On Sunday, November 6 at 2:00pm, the Visitation music ministry hosts the Lyric Arts Trio in a special concert, Of Love and Remembrance. This program is especially appropriate for All Souls Day with selections that bring to mind happy memories of the past that bring a measure of comfort and peace to those left behind. Program of Mahler, R. Strauss, KC composers Ian David Coleman and Jean Belmont Ford and a world premiere of my “When Great Trees Fall”, commissioned by Lyric Arts Trio in honor of soprano Sarah Tannehill Anderson’s father’s memory. A second performance takes place on January 22 at 3pm at Rolling Hills Presbyterian Church in Overland Park, Kansas.
“Form, Structure and Interactions” will be performed at the Timucua White House on Sunday, October 2, 2016 with free admission (donations accepted, refreshments encouraged). Trumpet player, Mark Sunderland, will perform six works by Central Florida Composers Thad Anderson, Charlie Griffin, Chan Ji Kim and Steve Kornicki. In addition, Mark will perform Karlheinz Stockhausen’s Aries from “Sirius.”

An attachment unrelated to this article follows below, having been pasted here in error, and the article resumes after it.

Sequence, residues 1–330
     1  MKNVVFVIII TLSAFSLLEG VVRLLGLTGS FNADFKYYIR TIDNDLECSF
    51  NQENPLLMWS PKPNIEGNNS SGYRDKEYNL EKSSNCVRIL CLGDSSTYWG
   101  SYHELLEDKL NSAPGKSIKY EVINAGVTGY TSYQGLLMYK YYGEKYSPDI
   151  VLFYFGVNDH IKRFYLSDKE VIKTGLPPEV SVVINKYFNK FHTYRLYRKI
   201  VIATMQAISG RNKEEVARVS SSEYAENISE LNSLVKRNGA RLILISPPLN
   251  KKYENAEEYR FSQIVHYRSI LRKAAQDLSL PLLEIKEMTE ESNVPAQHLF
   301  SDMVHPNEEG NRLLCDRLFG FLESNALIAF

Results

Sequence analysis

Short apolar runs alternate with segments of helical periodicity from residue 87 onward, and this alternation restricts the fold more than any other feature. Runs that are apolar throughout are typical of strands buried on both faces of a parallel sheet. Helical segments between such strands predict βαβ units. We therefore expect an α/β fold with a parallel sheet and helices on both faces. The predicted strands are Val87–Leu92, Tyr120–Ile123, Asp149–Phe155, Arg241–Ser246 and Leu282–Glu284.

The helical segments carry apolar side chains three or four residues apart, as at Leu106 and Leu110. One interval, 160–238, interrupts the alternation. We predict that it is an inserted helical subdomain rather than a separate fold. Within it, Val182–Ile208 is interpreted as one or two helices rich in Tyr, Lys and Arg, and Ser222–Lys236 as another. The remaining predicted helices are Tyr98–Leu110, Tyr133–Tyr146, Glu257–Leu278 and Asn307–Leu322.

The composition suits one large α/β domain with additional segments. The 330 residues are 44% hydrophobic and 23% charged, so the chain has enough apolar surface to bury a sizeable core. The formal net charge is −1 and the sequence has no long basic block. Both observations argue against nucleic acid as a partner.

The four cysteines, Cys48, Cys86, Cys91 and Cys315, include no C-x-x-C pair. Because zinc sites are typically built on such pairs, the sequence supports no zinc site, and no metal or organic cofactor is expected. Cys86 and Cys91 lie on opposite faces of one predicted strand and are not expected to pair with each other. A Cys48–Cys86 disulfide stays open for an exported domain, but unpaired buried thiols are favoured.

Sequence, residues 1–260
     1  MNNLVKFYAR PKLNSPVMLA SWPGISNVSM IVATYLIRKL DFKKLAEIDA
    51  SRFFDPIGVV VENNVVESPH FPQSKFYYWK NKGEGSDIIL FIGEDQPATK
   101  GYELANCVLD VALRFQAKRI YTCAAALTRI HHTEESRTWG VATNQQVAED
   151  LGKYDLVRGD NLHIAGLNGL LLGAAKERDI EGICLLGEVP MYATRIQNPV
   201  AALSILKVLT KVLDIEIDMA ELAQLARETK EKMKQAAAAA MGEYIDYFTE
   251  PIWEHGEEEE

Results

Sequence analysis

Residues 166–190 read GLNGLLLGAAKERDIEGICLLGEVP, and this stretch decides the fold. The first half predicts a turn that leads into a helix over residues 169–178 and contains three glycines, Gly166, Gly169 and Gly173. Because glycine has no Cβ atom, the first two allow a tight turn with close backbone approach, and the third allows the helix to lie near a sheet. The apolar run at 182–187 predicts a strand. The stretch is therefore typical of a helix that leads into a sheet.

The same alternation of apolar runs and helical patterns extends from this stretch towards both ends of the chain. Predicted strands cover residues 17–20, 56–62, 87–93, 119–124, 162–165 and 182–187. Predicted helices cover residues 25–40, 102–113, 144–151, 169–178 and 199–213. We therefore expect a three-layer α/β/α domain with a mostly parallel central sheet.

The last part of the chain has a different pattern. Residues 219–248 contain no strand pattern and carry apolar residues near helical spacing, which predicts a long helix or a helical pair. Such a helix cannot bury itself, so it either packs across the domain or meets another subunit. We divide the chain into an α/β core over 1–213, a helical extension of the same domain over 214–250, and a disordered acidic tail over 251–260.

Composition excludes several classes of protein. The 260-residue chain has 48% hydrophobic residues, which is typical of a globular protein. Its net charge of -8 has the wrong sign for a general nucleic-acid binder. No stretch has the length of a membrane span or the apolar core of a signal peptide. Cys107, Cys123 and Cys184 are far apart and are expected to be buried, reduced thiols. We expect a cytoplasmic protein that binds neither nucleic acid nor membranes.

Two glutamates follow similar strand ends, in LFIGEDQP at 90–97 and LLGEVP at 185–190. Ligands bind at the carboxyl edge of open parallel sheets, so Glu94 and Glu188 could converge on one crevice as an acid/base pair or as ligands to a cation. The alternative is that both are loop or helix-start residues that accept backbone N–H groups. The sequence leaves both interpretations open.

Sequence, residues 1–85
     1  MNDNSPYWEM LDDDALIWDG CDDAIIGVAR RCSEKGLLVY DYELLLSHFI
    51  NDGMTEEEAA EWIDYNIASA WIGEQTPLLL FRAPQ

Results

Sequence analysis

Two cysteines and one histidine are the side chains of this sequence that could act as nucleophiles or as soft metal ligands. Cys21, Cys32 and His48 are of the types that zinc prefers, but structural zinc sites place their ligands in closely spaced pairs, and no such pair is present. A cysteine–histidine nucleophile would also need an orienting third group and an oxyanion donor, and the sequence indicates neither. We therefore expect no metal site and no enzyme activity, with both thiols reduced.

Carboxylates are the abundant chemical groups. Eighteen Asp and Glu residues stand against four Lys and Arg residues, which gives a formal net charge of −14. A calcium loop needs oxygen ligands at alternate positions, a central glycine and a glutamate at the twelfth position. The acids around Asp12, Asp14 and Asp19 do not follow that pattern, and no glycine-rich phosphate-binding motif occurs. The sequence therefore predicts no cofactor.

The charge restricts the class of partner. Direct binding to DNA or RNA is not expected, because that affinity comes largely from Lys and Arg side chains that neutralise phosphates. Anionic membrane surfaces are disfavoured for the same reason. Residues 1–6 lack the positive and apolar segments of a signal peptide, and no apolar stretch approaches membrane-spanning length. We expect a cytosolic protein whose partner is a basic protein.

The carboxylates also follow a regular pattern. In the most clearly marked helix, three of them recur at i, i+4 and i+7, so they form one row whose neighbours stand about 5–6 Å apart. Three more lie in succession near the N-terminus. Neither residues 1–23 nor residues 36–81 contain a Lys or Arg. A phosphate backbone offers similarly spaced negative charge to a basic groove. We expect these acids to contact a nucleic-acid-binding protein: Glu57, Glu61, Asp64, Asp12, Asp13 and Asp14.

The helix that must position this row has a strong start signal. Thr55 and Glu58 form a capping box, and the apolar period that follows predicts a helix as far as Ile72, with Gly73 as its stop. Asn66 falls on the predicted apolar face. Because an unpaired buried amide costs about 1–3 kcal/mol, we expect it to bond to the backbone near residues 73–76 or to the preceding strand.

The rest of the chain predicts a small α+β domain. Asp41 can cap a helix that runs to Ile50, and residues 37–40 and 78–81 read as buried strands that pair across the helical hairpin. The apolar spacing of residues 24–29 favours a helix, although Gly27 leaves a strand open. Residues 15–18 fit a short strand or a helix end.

Mark Sunderland is a highly skilled, multi-instrumentalist with a true passion and gift for playing the trumpet. Equally at home with classical trumpet and jazz improvisation, his ability to create memorable phrasings and craft intricate, high- energy, improvisational solos is remarkable. Sunderland studied music education at Stetson University from 2002-2006 and worked as a public school music teacher from 2007-2010. He is music director at Calvary Chapel in Melbourne, FL.
Thad Anderson’s kaleidoscopic Re-Cite is from his series called Lines. It is a solo work intended for any single line instrument. The piece utilizes live processing and draws inspiration and structure from a 1951 minimalist painting by Ellsworth Kelly titled Cité. Sunderland will perform this piece on trumpet.
Charlie Griffin’s Between Islands – for trumpet and electronic score is an expression of the experience of separation from loved ones long gone. According to Griffin, “The experience of losing a truly loved person is profoundly sad at the beginning and for a long time. But the quality of that loss gradually transforms. It becomes part of who we are. And with that realization comes a sense of serenity because the people we loved and lost are clearly residing within us.”
Chan Ji Kim’s colorful and evocative work for trumpet and fixed media is entitled Go-sa-mok which means a withered elm tree in Korean. “The audio samples recorded for the piece included sounds of nature around Haeiknsa Temple in Korea, where I found this withered elm tree, a UNESCO World Heritage site,” says Kim.